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The Imperfect Disciple: Grace for People Who Can’t Get Their Act Together


Jared C. Wilson


-Review by Landrum P. Leavell III, ThD.


Yeah, I know… Both the title and the subtitle should pique the interest of any Christ-follower. Wilson begins the book asking, “What comes to mind when you hear the word “discipleship?” Usually people respond with adjectives such as “difficult, trusting, adventurous, obedient,” etc. The right answer for our context is following Jesus.


          Other more desired answers would be along the lines of: “Believing God loves me even when I feel like nobody else does.” “Trusting God is doing something for my good even though my life has always been terrible up until now.” “Denying myself in order to do what’s right although I don’t really want to.” Those responses don’t suffice as a definition of discipleship like you’d find in a theological dictionary, but they all put more skin on the word. (12)


          Wilson writes with candor and compassion, as a fellow stumbler. There’s no ivory tower perspective here. He served a church in a small town in Vermont prior to becoming the director of content strategy for Midwestern Baptist Theological Seminary and managing editor of For the Church. He has written four other books: Unparalleled, The Story of Everything, The Prodigal Church, and Gospel Wakefulness. His blog is The Gospel-Driven Church.


          When Baker Publishing asked him to write a book on discipleship, he said, “Okay. But I have one condition: it has to be printed with my blood.” He wanted to write a book for normal people like him who follow Jesus, knowing it is totally worth it, but who often find that following Jesus takes us to some pretty difficult places, for Christians who have gotten a little bloody. Candor—“How about a book on discipleship for people who don’t feel saved each morning until they’ve had at least two cups of coffee? For the sake of the cut-ups and the screw-ups, the tired and the torn-up, the weary and the wounded—how can we demystify discipleship?” (13-14)


          So here’s the book for all the people who are tired of the mass-marketed, self-helpy “be a better Christian” projects. It wasn’t printed with his blood, but by his own admission he did bleed on the pages a little bit. The chapter titles give a picture of the scope of his effort and his journey: Sin and the Art of Soul Maintenance, Good News for Losers, Staring at the Glory Until You See It, The Rhythm of Listening, The Rhythm of Spilling Your Guts, The Revolution Will Not Be Instagrammed, The Nine Irrefutable Laws of Followship, Will the Real Me Please Stand Up?, Does Grace Go All the Way Down?


          The entire book awakens, informs, and challenges. I’ve read a lot in the last year on Listening (having already reviewed Adam McHugh’s The Listening Life. Wilson’s subtitle for his chapter on listening is “When You Think God Is Giving You the Silent Treatment.” Ever felt that way? Thought so.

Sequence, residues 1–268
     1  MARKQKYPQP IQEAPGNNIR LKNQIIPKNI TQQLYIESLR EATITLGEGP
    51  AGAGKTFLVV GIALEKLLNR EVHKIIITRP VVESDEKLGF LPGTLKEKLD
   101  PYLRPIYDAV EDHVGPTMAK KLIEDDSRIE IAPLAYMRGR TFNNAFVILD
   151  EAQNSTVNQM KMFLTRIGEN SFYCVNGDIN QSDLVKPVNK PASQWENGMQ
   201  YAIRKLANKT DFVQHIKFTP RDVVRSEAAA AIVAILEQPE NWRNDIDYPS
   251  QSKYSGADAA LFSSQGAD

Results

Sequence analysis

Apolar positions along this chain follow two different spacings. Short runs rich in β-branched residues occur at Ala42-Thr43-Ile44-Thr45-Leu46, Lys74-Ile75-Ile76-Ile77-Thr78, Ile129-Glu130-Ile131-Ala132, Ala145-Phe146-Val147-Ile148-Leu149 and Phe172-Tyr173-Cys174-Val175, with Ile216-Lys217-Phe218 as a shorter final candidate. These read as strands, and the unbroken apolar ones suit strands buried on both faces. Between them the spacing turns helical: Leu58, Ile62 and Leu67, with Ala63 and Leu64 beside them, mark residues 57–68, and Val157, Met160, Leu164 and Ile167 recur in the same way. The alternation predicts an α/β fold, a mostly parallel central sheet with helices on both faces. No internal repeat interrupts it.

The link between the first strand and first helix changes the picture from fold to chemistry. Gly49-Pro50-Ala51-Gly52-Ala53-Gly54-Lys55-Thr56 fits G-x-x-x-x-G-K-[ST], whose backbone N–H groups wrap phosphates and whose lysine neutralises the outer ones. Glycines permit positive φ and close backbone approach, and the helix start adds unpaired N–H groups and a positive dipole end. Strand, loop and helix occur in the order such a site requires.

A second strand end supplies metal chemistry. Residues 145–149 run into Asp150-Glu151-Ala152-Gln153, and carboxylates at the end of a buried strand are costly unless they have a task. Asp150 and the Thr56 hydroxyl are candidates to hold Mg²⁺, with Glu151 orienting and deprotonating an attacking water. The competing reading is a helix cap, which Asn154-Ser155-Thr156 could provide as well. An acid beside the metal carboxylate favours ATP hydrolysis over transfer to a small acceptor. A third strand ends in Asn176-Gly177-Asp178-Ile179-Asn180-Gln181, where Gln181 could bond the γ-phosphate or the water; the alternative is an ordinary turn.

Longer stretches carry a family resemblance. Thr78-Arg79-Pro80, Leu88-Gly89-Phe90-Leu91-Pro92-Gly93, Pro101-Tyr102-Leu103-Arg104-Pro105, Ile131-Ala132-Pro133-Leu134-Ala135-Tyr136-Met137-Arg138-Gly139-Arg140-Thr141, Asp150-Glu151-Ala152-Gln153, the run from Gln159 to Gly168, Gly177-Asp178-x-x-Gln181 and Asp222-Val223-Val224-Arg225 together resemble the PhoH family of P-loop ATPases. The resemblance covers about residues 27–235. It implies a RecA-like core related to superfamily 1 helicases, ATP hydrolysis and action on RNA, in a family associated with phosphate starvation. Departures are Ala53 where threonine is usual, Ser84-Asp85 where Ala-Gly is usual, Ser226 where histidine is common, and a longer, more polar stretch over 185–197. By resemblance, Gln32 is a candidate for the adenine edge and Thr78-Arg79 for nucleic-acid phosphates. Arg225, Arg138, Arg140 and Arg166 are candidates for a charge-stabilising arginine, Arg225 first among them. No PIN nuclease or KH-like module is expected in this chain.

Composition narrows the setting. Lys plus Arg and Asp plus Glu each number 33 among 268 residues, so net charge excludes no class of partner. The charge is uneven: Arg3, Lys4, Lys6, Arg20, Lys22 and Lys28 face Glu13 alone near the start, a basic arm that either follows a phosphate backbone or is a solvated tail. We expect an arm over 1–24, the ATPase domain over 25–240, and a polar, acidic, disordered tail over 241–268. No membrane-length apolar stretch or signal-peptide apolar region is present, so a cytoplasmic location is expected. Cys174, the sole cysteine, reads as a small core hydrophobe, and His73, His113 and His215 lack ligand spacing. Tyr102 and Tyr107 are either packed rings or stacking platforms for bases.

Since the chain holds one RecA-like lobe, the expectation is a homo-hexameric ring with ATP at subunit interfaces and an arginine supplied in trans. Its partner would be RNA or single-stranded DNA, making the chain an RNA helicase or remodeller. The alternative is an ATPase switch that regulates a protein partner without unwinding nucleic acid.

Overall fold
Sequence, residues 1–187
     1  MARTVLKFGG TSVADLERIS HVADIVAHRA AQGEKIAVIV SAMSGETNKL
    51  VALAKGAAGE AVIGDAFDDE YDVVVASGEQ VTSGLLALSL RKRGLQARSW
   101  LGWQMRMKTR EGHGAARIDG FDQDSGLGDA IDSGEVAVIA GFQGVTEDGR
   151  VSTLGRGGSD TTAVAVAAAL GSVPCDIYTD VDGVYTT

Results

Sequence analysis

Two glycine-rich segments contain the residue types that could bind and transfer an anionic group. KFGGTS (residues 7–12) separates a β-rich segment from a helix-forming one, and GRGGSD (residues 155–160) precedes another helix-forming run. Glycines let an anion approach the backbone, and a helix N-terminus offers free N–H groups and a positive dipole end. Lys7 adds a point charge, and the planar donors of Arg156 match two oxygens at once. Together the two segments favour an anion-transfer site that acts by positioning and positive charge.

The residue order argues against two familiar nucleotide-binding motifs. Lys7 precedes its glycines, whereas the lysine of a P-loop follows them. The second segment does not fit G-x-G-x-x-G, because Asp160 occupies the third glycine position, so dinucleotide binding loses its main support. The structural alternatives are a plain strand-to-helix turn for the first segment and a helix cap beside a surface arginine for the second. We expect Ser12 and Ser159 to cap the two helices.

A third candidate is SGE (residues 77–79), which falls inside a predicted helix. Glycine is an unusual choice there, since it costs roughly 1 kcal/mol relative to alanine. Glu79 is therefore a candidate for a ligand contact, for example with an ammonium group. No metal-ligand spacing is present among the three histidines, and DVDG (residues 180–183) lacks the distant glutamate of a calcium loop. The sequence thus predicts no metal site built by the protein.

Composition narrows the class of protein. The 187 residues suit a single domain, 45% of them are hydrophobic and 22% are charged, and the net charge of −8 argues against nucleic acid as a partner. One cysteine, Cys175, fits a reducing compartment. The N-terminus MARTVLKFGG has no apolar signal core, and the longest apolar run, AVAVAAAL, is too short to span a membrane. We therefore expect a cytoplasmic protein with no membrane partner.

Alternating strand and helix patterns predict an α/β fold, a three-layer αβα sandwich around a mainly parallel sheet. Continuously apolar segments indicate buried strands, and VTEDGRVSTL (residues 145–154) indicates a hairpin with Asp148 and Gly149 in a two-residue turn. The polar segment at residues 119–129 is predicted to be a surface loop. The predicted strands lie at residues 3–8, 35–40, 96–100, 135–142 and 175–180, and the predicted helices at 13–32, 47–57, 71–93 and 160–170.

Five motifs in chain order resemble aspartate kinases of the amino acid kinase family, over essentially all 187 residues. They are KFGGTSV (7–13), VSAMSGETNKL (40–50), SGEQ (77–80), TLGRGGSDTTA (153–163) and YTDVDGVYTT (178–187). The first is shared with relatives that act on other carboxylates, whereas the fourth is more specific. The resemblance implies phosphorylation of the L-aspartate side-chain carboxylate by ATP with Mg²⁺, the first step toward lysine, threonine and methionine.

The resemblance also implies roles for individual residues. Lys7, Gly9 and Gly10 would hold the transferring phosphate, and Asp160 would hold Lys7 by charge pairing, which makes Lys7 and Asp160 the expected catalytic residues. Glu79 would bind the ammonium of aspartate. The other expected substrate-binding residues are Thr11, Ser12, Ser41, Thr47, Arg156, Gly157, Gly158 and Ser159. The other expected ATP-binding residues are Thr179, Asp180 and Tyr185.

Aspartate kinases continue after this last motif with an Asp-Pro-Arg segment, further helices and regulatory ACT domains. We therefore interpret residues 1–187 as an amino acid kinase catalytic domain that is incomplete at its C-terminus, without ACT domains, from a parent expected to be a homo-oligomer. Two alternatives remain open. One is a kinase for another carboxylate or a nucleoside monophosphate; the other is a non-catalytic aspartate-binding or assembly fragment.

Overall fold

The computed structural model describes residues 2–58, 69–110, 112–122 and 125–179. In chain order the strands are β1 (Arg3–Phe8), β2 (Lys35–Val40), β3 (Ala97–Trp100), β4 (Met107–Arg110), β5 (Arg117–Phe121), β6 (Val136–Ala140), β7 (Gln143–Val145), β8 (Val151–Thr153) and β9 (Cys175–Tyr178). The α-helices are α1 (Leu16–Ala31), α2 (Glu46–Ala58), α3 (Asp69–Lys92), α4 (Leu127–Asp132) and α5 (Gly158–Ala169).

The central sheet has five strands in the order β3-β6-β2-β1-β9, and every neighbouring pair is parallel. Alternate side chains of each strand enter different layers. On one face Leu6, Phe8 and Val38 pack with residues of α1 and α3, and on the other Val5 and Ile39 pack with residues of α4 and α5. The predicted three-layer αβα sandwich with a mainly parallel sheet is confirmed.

Wilson speaks from the ground up. Anyone in the trenches of church life knows that community efforts by churches are often tough going. “The dirty little secret of modern church programming is that small group programs are not working well… There are a lot of reasons for this, but they all boil down primarily to the fact that American Christians don’t want to experience community. Or, at least, they want other things more.” (124-5)


          During the wrestle of his decision to leave the pastoral ministry, not his plan, he had to face his own idolatry diagnosis: “What, if taken away from you, would cause you a great crisis of identity?” Thinking of all the things people would say when he was no longer in pastoral ministry, the imaginary words came forth: “I thought you were the New England guy…, the small church guy…, the rural church guy…” (184-5) More real-life candor. The man in the mirror.


          The chapter on The Nine Irrefutable Laws of Followship (When You Feel Stuck) is based on the nine named “fruit” produced by the Spirit, according to Galatians 5:22-23. He reminds us that they are God’s laws and also His promises: Be ye Loving, Joyful, Peaceful, Patient, Kind, Faithful, Gentle, Self-Controlled. Paul says there’s no law against them. To be gospel-centered is to be law-fulfilling.


          Wilson concludes the book with helpful reminders: “You are not your quiet time, your cruddy prayer life, your standing before people, your past, your ability to pull yourself up by your own bootstraps, or the sum of your spiritual accomplishments and religious devotion…. You are a great sinner, yes. But you have a great Savior.” (229-30)


Bottom line: Outstanding book. Get it. Let it prick, prod, encourage, give solace, and offer a needed guidance on this wandering, wonderful journey.


You’re welcome.